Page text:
Chinese Calligraphy in Kai Shu (Standard Style) 楷 書
|Changes of Kai Shu Characters
Shu (also called Zeng Shu, 真書
was initiated by Wang Ts-Zhong ( 王次仲
) toward the end of the Han
Dynasty according to the legend. During the Wei
and Jin Dynasties, Zhong Yao (151-230) and Wang Hsi-Chih (303-363) initiated
a new way of writing that allowed Kai Shu and Li Shu to separate and form two
It is said Kai Shu was matured by Zhong Yao ( 鍾繇 ) in the Wei Dynasty. It’s a more standardized form of writing than Hsin Shu.
Zhong Yao’s mixture of Kai Shu and Hsin Shu
Wang Hsi-Chih learned Zhong Yao’s Kai Shu from Madame Wei ( 衛夫人 ) and his uncle Wang Yi ( 王廙 ). He also obtained the original manuscripts of Zhong Yao from his uncle Wang Dao ( 王導 ). Thus, Wang Hsi-Chih was considered the lineage holder of Zhong Yao’s Hsin and Kai Styles of calligraphy. Many of Wang Hsi-Chih’s small-scale calligraphy works like Ye Yi Luan ( 樂毅論 ) and Huang Ting Jing ( 黃庭經 ) were resembling some of the characteristics of Zhong Yao's Kai Shu.
Madame Wei’s small-scale Kai Shu
There was another lineage of Kai Shu handed down by Shu Yi-Guan ( 師宜官 ), Liang Hu ( 粱鵠 ) and Han-Dan Tsuen ( 邯鄲淳 ) to the Wei family (Wei Bo-Ru 衛伯儒, Wei Guan 衛瓘 and Wei Heng 衛恆 ) and the Tsui family (Tsui Yeh, Tsui Chian, Tsui Hong, and Tsui Hou.) Some of them were teaching calligraphy in government departments and in the upper society. Many of the tablets of the Northern Dynasties unearthed recently were believed to be from this lineage, even though most of works were anonymous. However, they share some common characteristics:
Their brush strokes retained Li Shu characteristics.
There were alternative and incorrect ways of writing some characters.
Some writings were even mixed with Zuan, Li, and Kai Styles together.
Many tablets were excellent Kai Style calligraphy works.
However, most of those tablets were buried under the ground during the Sui and Tang Dynasties and were not available for study.
During the Tang Dynasty, there were a few prominent Kai Style calligraphers like Yu Shu-Nan ( 虞世南 ), Oh-Yang Sheun ( 歐陽詢 ), Chu Sui-Liang ( 褚遂良 ) and etc. In the middle Tang era, Yen Jen-Ching ( 顏真卿 ) changed significantly the styles of the earlier calligraphy of the Tang Dynasty. His works look solemn, dignified, and majestic. Liu Gong-Chuan ( 柳公權 ) after Yen Jen-Ching created a thinner style compared to Yen’s yet still full of energy. Yen’s calligraphy was considered sinewy and Liu’s was bony.
Basic Characteristics and Rules of Kai Shu
If a Chinese calligrapher either in or outside China practices Chinese calligraphy in simplified Chinese characters, s/he will be ridiculed by other Chinese calligraphers (including those in China.)
calligraphy in ink and brushes" refers to the type of calligraphy art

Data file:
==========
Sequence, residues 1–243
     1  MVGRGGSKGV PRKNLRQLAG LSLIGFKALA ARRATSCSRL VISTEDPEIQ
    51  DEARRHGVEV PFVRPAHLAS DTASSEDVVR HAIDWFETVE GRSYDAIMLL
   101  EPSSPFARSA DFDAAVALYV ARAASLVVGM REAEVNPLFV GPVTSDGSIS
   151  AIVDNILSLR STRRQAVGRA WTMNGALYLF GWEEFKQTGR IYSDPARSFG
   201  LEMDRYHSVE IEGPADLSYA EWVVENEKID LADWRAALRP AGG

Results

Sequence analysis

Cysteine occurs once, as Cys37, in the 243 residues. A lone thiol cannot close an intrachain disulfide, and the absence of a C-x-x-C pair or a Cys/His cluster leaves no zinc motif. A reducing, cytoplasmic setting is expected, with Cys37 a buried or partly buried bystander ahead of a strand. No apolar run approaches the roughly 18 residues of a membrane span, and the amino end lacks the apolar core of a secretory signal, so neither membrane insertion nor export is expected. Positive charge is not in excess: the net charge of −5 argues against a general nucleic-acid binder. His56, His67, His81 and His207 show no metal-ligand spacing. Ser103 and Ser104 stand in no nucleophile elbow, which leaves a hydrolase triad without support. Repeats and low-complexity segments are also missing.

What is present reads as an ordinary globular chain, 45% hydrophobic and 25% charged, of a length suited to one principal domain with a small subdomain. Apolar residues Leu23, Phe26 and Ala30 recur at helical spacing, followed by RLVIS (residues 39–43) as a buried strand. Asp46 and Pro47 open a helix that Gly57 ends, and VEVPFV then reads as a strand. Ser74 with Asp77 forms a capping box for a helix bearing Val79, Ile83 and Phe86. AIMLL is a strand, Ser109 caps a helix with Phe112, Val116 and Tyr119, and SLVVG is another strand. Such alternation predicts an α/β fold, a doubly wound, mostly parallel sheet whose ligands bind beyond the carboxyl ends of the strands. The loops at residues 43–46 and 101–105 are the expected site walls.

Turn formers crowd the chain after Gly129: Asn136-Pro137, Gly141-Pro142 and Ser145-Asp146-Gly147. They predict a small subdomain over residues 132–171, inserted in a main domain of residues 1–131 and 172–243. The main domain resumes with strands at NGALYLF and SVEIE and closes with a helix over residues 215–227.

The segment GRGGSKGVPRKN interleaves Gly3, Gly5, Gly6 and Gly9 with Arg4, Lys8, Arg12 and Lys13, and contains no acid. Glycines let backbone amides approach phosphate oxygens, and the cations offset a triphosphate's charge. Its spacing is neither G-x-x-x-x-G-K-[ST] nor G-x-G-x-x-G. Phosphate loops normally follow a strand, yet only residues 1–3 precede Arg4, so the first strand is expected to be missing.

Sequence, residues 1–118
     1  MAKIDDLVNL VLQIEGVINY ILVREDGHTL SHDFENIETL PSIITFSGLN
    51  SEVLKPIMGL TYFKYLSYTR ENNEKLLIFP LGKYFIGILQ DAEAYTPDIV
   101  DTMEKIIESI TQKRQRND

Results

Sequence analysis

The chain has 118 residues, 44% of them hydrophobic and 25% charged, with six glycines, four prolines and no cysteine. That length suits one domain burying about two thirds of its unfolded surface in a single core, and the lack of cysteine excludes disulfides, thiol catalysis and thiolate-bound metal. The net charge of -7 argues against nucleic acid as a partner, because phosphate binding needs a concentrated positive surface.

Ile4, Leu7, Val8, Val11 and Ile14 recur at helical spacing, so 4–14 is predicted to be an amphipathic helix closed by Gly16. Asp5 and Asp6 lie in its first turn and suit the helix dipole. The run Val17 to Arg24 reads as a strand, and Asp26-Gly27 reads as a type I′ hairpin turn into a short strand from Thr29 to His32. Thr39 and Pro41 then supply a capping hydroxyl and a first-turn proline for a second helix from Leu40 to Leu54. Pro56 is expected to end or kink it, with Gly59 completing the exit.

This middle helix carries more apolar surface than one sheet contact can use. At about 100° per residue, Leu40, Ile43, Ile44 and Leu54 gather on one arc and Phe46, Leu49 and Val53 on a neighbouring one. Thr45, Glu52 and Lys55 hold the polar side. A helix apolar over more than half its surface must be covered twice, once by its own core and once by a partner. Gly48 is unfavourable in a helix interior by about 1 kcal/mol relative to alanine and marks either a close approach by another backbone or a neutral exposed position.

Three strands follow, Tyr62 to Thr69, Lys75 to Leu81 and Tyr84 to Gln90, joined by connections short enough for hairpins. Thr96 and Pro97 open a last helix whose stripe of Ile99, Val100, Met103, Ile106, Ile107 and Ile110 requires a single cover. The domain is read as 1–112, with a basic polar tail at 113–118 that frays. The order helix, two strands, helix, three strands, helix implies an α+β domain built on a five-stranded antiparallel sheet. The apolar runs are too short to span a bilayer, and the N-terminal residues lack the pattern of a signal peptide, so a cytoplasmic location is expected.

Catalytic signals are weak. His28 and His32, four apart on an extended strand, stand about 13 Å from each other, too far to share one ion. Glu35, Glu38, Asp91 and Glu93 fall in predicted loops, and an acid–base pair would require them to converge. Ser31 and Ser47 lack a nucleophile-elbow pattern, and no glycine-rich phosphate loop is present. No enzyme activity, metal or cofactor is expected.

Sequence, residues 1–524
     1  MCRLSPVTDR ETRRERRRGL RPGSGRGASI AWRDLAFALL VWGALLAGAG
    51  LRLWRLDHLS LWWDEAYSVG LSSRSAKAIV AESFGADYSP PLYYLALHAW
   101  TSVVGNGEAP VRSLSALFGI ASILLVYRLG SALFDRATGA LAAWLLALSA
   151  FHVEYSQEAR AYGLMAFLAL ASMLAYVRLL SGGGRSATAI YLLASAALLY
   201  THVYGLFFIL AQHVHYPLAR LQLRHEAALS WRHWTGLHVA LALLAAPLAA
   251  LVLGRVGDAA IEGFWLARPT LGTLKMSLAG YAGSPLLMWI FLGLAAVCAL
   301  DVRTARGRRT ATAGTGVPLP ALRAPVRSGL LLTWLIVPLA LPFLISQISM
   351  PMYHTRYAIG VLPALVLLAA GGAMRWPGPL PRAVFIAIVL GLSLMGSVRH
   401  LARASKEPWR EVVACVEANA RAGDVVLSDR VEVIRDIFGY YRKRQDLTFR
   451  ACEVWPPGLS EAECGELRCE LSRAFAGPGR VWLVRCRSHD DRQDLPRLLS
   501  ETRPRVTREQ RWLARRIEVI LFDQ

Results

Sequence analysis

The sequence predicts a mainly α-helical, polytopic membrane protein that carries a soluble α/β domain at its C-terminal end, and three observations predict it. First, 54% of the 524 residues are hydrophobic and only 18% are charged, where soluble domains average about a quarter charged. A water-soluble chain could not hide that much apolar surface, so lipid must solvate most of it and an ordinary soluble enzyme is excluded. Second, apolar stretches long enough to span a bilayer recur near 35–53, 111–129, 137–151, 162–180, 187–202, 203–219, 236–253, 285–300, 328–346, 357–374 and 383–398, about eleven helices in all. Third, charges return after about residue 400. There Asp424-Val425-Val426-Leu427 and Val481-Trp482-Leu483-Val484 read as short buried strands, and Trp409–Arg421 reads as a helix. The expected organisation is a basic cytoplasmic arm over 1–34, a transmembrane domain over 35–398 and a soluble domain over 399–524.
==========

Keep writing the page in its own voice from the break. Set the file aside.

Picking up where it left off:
practiced with ground ink and various types of calligraphy brushes made up with
animal hairs. There is another type of calligraphy in pen (or pencils) practiced
by the Chinese people today without using brushes and ground ink - literally we
call it "handwriting" or "hard pen calligraphy ( 硬筆書法
for the sake of convenience and avoiding grinding ink and also for personal
hobby, some people practice writing Chinese characters (not only limited to
Kaishu) with regular pens and paper instead of using the Four Treasures. This
type of calligraphy is "hard pen calligraphy ( 硬筆書法
To avoid confusions and misunderstanding, sometimes I use "Chinese calligraphy in ink and brushes" in many articles on this Website. Personally, I don't have time to practice 硬筆書法. (My father is good at 硬筆書法, but he never practices Chinese calligraphy in ink and brushes.) If you are interested, you may Google 硬筆書法.
Shu came into use by the end of the Han Dynasty. It has been used in China for
more than 2,200 years. Kai Shu is now the main Chinese writing style. The
computer fonts, newspapers, textbooks, and government documents are written
in Kai Shu today. Except for the sake of practicing Chinese calligraphy with ink
and brushes, those
medias are often not printed in Zuan, Li, Tsao, and Hsin Styles.
It's said that as early as 1928 the government of Republic of China (R.O.C.) was planning to simplify some Chinese characters. Yet the project was delayed and interrupted because of the civil wars in China at that time.
Later the Chinese Communist government in mainland China adopted a more convenient version of Simplified Chinese Characters ( 簡體字 ) while Chinese people in Taiwan, Singapore, Hong Kong, Korea, and other Asian countries and north America are still using Traditional Chinese Characters ( 繁體字 ). Both systems are Kai Shu. There are no simplified versions of Seal, Clerical, Running, and Walking Styles. The inventors of Simplified Chinese Characters borrowed some characters from the Running Style to reduce the number of strokes in many Kai Shu characters; they also coined a lot of new characters without historical and linguistic basis, thus creating confusions and misunderstanding in certain communications and severe gaps in the studies of Chinese philosophy, classics, literature, calligraphy, calligraphy inscriptions on painting, linguistics, and many other fields.